• There are 360 degrees in a circle (which in radians is 2 * pi).
  • There are 12 hours on a clock face.
  • There are 60 minutes in an hour.
  • There are 60 seconds in a minute.

From these you can work out the degrees a hand should rotate based upon what it is representing:

  • 360 / 12 = 30. Which is the number of degrees the hour hand should rotate per hour. e.g. at 9 o’clock the hour hand should of rotated 9 * 30 (270) degrees.
  • 360 / 60 = 6. Which is the number of degrees the minute hand should rotate per minute AND the number of degrees the second hand should rotate per second.

Of course the rotate methods for the canvas tag use radians instead of degrees (like most programming languages and libraries) so we then need to translate these degrees into radians by simply multiplying them by pi / 180.

So using these the method for drawing the hands becomes simple;

  1. First we translate to the centre of the watch.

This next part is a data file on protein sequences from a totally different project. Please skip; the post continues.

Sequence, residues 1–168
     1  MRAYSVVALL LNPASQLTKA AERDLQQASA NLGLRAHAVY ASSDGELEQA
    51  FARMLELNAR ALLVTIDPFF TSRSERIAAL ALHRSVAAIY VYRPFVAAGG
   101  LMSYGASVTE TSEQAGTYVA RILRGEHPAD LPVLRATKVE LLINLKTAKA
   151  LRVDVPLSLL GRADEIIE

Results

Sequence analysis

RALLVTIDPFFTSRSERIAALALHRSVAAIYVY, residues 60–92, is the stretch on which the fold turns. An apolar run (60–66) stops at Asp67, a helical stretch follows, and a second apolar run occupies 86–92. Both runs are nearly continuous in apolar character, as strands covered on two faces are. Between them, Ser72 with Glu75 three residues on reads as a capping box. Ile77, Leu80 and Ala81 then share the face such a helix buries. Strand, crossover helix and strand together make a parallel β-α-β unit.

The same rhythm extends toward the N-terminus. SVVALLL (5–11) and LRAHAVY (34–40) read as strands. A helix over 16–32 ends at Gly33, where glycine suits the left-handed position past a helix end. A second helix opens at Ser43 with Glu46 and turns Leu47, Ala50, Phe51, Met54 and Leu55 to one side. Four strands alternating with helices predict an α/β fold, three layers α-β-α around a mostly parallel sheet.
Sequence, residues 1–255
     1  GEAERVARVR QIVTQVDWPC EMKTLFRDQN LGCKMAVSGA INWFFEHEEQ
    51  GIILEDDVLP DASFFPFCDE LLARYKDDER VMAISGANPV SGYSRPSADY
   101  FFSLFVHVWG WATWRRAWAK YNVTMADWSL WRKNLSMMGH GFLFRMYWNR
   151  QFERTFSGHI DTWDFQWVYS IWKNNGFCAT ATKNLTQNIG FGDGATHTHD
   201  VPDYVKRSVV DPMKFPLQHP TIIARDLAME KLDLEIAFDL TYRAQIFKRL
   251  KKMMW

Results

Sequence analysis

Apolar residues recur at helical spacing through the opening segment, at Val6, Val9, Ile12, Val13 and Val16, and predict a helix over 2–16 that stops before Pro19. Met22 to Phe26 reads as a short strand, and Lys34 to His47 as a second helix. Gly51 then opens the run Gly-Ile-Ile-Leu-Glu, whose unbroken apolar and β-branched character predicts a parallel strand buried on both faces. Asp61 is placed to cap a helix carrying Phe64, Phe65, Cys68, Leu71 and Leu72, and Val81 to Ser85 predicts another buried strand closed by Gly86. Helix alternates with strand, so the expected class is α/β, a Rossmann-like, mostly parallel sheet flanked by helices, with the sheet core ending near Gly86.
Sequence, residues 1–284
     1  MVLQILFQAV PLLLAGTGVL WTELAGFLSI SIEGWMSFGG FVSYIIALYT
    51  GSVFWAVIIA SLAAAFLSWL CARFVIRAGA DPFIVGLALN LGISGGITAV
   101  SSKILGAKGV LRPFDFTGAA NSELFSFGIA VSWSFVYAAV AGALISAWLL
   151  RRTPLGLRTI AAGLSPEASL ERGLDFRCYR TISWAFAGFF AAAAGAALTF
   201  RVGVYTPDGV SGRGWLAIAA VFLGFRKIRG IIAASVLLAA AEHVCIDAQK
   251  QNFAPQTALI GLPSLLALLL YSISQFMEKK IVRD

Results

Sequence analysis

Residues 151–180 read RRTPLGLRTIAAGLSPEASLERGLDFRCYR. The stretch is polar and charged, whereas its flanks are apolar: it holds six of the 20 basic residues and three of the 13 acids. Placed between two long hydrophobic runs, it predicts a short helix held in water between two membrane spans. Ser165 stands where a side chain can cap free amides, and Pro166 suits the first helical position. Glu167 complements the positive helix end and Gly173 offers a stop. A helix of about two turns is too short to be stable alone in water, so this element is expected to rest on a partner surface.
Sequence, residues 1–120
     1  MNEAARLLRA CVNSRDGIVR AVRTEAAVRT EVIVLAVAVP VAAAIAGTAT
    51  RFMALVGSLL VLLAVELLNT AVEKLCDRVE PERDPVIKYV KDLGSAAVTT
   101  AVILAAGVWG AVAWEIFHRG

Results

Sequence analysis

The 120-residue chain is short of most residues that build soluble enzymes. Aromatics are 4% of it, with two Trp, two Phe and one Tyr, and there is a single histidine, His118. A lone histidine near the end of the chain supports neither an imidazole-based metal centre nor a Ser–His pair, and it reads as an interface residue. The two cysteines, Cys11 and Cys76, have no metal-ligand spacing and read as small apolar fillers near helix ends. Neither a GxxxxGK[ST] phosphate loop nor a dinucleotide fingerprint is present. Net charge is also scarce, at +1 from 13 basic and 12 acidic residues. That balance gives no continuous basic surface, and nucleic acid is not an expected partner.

2. Then we rotate by the desired angle. (taking into account that the canvas origin is at the top left).
  3. Then we draw the line from where we are up to the desired length.

Hopefully this will help others to create a little HTML5 analog clock. Feel free to use the code, just don’t try to claim it as your own! I wrote this quickly while trying to make a nice replacement for the analog clock on iGoogle (since iGoogle will be disappearing soon) using HTML5, I will next try to create one that makes use of CSS3 transforms instead of the canvas tag.

You may have noticed the commented out code for numbering, I didn’t have it active because I couldn’t get them looking satisfactory and I think it looks better without them anyway.

Happy Coding!


  1. Thai says:

    I’d like to draw the hour number on the clock (i.e. all the numbers from 1 to 12). How could I do that?

  2. Sueli says:

    Thanks Lyndon! Loved the simplicity!

  3. This is exactly what I was looking for in a web project I am creating. Thanks a lot.

  4. J. Deltree says:


    How can one incorporate a timezone into this analog clock. This currently only seems to work with a user’s system time.

    Is there a way?


  5. Petr Kozelka says:

    Hi Lyndon, thanks for sharing this nice and simple code. I would like to use slightly modified version of it in my company’s code, but cannot do it unless you specify license under which it is published.
    Would you mind adding it either to the article, or to the code comments?